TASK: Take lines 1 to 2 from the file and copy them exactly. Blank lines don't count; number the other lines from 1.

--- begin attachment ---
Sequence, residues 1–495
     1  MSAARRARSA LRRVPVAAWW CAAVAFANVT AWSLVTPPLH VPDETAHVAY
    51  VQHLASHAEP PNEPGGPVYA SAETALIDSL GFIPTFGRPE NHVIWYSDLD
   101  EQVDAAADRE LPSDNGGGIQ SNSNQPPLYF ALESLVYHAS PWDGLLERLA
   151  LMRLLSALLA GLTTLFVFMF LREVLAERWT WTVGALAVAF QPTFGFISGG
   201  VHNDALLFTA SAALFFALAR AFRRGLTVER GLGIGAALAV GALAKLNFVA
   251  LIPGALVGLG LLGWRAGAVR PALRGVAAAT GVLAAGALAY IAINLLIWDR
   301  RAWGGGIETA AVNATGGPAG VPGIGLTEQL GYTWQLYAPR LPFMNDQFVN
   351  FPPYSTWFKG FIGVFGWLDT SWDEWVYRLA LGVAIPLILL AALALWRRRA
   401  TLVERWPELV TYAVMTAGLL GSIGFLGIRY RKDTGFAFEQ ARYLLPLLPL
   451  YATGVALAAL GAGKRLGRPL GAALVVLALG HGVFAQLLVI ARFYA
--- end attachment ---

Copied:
Sequence, residues 1–495
     1  MSAARRARSA LRRVPVAAWW CAAVAFANVT AWSLVTPPLH VPDETAHVAY